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From Stian Soiland-Reyes <st...@apache.org>
Subject Re: ECCN page: http://www.apache.org/licenses/exports/ - broken links
Date Thu, 05 May 2016 17:42:05 GMT
Thanks for finding a somewhat reasonable explanation, although still
transitivity is unclear. I think the important distinction is "encryption
functionality" and "encryption item".

My take: encryption functionality is encryption algorithms and code around
that. An encryption item is anything including or using encryption

Please correct me if my deduction below then is reasonable as to what is
NOT ECCN controlled.

So if you don't "use the encryption functionality" of an item (a
dependency), and don't include the dependency in the distributions, then
you are in the clear, even if the dependency itself is an "encryption item"

That is the loophole :)

So for instance, you would be fine to have a Maven <dependency> on Apache
Derby without using any of its encryption features (e.g. for secure
client/server connection), as long as you don't include Derby in any
ASF-provided distribution (Derby itself being an "encryption item" as it is
on our ECCN list).

On the other side, if you have code integrating with the BouncyCastle APIs,
that alone means you are ECCN controlled, even if you don't embed anything.

If you bundle the HttpComponent jars in your dist, then you are ECCN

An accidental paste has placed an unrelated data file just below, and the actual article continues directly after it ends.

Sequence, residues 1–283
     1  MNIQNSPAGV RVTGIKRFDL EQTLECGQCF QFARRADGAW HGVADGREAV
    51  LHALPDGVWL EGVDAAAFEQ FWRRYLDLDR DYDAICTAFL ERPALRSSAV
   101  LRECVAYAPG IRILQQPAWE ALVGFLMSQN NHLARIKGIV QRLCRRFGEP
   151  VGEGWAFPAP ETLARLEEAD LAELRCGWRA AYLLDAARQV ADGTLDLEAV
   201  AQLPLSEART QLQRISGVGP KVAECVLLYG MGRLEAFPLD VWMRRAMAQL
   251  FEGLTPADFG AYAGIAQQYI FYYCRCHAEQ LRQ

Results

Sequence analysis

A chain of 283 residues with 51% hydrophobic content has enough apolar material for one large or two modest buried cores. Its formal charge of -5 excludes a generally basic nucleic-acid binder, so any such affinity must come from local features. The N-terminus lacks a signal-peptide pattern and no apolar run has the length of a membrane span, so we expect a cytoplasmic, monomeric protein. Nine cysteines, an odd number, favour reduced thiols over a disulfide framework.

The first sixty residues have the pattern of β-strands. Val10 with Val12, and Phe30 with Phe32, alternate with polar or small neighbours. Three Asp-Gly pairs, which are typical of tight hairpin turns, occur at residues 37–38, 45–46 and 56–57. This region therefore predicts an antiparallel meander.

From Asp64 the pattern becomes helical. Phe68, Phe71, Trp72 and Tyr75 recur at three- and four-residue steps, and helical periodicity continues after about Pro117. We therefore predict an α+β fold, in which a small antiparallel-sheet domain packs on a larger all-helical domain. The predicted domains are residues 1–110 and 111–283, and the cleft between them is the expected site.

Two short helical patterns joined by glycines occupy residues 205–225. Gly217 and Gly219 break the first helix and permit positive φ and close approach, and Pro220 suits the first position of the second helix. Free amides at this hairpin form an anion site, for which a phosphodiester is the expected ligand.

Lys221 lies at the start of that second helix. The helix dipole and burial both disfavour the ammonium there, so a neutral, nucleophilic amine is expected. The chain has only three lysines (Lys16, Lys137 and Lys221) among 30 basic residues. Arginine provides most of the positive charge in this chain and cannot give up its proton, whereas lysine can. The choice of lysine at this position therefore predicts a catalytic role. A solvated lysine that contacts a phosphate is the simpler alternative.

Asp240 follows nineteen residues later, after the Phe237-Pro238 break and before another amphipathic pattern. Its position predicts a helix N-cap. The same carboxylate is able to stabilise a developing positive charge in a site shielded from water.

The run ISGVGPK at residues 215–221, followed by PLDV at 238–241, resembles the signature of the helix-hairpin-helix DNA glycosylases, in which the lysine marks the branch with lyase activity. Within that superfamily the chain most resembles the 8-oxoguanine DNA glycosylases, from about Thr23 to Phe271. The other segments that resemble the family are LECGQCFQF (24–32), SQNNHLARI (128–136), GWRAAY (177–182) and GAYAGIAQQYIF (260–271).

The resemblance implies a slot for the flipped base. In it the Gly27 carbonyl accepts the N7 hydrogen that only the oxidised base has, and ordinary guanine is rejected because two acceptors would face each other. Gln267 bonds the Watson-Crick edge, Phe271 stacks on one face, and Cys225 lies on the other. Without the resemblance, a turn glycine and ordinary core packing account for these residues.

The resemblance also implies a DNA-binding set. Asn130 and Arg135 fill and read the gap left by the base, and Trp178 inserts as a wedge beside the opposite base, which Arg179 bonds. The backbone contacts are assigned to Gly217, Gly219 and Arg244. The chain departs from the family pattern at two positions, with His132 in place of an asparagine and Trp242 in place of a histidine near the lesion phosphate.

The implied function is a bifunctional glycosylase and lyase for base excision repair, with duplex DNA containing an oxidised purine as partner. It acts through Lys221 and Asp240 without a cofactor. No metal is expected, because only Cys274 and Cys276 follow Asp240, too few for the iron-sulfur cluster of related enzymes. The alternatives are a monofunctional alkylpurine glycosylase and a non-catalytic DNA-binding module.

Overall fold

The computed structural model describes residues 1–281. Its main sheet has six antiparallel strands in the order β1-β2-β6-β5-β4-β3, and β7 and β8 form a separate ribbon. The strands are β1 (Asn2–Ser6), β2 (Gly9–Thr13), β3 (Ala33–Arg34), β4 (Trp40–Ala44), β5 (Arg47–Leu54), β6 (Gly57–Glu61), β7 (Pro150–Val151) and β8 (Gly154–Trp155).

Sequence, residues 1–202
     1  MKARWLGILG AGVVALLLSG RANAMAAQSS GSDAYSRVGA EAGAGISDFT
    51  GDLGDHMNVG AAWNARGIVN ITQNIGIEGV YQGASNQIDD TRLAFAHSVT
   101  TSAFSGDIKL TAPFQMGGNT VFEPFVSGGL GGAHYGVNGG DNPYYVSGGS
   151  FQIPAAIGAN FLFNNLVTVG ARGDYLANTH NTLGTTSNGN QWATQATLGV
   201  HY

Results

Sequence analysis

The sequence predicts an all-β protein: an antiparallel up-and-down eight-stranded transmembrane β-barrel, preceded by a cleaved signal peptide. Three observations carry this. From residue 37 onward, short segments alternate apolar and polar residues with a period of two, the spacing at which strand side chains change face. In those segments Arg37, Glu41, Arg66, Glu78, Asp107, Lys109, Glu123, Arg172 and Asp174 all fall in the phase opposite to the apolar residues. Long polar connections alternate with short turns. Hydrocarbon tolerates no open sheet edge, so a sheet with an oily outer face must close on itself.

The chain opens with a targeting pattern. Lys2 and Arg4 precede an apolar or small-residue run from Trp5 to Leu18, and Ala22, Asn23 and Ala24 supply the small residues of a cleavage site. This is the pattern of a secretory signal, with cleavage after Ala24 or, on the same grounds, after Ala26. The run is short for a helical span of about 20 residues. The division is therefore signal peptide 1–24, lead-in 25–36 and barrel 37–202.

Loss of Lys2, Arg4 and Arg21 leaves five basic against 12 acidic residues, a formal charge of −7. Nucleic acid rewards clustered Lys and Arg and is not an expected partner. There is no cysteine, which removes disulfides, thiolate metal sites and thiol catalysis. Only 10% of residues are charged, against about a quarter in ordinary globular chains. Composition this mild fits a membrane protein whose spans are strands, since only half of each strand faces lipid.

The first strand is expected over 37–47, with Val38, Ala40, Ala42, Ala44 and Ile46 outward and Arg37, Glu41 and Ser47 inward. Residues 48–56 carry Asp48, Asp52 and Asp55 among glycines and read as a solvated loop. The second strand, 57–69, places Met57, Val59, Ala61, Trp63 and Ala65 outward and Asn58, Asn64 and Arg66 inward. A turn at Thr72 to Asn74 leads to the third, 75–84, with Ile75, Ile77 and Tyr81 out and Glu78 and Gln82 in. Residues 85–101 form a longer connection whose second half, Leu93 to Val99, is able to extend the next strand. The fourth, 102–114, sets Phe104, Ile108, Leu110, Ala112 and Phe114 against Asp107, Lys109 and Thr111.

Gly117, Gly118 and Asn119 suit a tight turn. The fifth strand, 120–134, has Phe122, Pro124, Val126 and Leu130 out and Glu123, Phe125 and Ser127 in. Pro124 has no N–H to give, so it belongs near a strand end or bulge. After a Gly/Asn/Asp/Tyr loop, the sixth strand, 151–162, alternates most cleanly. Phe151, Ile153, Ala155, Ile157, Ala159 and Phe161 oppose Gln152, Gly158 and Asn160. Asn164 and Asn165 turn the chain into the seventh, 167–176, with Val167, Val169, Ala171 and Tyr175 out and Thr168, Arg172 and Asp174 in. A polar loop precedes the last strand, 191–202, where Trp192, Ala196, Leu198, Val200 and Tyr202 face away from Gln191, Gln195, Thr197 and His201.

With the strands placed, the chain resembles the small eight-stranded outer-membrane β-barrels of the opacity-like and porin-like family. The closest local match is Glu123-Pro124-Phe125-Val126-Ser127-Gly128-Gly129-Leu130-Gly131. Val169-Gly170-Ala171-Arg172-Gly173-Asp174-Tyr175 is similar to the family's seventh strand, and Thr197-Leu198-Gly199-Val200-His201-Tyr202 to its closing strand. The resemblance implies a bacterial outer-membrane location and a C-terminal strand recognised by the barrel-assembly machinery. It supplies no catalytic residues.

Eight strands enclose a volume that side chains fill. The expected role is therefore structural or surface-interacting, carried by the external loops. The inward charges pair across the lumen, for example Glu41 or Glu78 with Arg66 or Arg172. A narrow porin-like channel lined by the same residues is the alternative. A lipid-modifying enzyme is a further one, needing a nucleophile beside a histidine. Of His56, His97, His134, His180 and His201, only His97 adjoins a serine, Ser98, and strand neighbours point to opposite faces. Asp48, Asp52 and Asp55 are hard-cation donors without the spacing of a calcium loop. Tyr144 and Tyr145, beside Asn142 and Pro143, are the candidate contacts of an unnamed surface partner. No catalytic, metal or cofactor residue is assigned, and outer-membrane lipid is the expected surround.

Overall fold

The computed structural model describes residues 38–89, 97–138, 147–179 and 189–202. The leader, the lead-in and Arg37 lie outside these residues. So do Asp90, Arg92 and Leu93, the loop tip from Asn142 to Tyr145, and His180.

However if you integrate with Apache HttpComponent as a <dependency>, and
only use it for accessing http:// URLs, then you are fine - although you
are using HttpComponents, you don't use its "encryption functionality".

Shaded JARs in Maven (e.g. including HttpComponents) would presumably also
be encryption items that should be listed? I notice no reference to our
Maven repository.
On 5 May 2016 6:26 a.m., "Alex Harui" <aharui@adobe.com> wrote:

> On 5/4/16, 10:11 PM, "Ted Dunning" <ted.dunning@gmail.com> wrote:
> >
> >But do any of them have crypto *implementations*?
> I don't know, but this page [1] makes me think there is more to it than
> whether there is an "implementation" in the bundle, although I guess it
> also depends on your definition of "implementation".
> "Almost all items controlled under Category 5, Part 2 of the EAR are
> controlled because they include encryption functionality. Items may be
> controlled as encryption items even if the encryption is actually
> performed by the operating system, an external library, a third-party
> product or a cryptographic processor. If an item uses encryption
> functionality, whether or not the code that performs the encryption is
> included with the item, then BIS evaluates the item based on the
> encryption functionality it uses.
> Similarly, if the item includes encryption functionality, even if the
> encryption functionality is not used by the item, then BIS evaluates the
> item based on the included encryption functionality."
> [1]
> https://www.bis.doc.gov/index.php/policy-guidance/encryption/identifying-en
> cryption-items
> -Alex

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